Near this site in 1869 opened Holladay’s first general store, called the Big Cottonwood Cooperative, built by an association headed by LDS Church bishop David Brinton, the blacksmith at this intersection’s southeast corner. Elsewhere and here, local LDS-related retail cooperatives were owned by stockholders but regulated by Church policy for the communities’ good, here reducing the need to travel to Salt Lake City or Murray for supplies. In 1871, with the appointment of Brinton’s son, David Branson Brinton, as a county postmaster, the store also served as community post office. In 1880 a larger store was built immediately south.

In the early 1850s, main roads were made throughout the valley. One of them called County Road (today’s Highland Dr.) was located here because nearby sprawling Big Cottonwood Creek beds made stream crossing much easier for horse and wagon. An east-west route came from Murray (today’s Murray-Holladay Rd.), making this intersection a natural business center. Similar crossroads occurred at Holladay’s eastern end. The Murray-Holladay Rd. bent northeasterly to follow the 1847-48 settlers’ survey road. Within a few years another north-south route, called Upper County Rd. (today’s Holladay Blvd.), crossed Murray-Holladay Rd. a mile east of here. These two intersections created Holladay’s business centers.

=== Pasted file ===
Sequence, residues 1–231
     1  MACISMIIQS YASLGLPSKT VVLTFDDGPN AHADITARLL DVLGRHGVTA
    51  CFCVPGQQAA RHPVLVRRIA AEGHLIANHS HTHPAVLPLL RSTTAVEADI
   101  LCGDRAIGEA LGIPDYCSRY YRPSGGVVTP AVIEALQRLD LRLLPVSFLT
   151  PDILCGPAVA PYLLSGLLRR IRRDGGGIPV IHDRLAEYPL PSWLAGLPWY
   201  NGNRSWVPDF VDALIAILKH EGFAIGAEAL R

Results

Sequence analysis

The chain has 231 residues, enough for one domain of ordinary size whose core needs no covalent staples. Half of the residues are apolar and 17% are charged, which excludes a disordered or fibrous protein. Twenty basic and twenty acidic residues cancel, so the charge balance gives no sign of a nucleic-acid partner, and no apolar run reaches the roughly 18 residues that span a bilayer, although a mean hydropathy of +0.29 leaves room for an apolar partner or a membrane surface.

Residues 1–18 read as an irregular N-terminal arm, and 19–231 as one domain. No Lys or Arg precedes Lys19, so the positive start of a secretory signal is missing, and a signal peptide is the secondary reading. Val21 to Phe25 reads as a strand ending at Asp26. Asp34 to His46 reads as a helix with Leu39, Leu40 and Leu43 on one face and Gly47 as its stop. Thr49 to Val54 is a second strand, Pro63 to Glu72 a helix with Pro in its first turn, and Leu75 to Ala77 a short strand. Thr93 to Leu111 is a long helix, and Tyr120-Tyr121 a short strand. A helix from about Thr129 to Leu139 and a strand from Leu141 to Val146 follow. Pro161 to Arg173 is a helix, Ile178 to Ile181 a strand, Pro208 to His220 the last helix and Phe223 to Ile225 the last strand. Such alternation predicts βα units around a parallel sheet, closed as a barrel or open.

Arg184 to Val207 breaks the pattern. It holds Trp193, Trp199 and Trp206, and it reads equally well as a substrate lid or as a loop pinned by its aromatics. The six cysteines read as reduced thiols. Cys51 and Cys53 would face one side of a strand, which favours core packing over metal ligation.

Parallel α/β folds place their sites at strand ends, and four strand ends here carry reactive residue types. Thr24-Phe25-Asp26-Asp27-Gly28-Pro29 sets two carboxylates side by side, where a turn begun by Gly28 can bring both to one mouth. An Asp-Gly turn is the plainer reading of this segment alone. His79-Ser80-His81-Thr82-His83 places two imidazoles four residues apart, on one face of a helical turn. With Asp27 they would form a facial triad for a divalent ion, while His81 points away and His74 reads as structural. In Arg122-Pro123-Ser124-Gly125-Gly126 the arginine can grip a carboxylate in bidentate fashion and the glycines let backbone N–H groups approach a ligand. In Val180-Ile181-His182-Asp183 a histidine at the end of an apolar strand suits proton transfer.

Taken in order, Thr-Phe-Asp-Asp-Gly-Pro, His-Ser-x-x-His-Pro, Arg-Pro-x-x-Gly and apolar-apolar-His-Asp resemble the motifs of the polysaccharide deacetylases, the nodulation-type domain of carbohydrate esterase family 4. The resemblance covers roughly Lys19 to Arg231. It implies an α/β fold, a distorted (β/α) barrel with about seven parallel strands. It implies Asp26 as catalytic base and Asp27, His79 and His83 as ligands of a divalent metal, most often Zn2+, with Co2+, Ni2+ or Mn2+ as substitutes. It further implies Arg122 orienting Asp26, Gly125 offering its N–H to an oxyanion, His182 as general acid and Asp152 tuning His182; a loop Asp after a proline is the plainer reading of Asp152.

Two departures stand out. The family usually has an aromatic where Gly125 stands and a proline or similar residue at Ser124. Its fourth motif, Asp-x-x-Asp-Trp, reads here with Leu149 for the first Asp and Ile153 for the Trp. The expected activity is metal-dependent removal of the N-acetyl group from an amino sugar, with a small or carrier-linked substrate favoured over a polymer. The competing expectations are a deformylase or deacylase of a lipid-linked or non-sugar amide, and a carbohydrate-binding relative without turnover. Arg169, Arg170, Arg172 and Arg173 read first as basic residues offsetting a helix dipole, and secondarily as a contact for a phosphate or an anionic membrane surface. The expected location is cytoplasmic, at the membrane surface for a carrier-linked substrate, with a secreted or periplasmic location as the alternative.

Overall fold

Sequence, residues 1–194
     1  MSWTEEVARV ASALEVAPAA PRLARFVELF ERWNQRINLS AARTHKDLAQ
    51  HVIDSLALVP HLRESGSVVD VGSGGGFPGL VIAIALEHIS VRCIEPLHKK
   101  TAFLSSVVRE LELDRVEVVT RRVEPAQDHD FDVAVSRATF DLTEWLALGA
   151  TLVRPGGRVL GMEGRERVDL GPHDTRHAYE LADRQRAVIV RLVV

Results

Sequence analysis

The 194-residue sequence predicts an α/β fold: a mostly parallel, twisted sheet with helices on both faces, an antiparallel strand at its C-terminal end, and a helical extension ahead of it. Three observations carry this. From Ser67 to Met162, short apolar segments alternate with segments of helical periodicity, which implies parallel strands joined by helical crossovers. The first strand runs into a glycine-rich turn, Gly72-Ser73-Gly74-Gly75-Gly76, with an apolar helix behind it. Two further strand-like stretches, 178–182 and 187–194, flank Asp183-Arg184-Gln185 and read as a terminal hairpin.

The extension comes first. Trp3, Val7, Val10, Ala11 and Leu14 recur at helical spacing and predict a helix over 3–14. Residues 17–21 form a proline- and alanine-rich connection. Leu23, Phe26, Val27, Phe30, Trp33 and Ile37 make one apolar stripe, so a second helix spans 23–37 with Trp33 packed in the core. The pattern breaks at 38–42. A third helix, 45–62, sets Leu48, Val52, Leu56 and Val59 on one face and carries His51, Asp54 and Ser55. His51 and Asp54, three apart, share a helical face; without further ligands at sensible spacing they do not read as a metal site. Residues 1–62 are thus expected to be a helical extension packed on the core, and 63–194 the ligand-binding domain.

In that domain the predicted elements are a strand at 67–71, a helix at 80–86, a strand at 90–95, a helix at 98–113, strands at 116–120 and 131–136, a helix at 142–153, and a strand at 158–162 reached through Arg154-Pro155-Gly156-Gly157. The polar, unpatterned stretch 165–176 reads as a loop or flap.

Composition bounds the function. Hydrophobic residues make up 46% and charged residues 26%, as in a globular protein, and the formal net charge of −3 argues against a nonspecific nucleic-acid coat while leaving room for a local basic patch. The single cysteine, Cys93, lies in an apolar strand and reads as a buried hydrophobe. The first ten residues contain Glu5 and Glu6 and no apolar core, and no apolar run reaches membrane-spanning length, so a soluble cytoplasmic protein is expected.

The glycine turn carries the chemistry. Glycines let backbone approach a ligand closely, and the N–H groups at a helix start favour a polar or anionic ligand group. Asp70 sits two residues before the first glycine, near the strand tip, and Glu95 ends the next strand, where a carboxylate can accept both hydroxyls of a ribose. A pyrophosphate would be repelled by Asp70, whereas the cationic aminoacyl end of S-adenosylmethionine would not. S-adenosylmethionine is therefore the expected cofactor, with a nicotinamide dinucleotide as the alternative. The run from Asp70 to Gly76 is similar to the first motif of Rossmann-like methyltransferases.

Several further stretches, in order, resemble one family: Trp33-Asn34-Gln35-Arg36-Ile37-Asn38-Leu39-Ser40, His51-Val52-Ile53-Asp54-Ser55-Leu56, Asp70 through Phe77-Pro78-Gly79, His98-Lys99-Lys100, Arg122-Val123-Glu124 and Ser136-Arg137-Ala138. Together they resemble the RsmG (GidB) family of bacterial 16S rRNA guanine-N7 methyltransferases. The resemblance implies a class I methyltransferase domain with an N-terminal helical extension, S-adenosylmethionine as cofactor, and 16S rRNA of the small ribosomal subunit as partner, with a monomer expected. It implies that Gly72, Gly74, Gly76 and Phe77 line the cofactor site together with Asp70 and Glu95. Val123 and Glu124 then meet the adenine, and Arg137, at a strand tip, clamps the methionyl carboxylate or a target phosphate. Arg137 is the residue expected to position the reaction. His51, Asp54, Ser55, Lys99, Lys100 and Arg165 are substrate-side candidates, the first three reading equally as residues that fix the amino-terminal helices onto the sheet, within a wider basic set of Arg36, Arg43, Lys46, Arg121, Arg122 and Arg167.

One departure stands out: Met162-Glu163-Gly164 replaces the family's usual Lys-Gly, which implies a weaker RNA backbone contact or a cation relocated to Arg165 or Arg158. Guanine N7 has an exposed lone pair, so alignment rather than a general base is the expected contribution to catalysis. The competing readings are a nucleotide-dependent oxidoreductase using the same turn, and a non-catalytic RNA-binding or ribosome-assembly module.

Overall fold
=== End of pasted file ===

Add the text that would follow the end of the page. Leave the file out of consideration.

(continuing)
This plaque is #14 of the Historical Walking Tour of Holladay on this page. It is located at 4738 S Highland Drive in Holladay, Utah.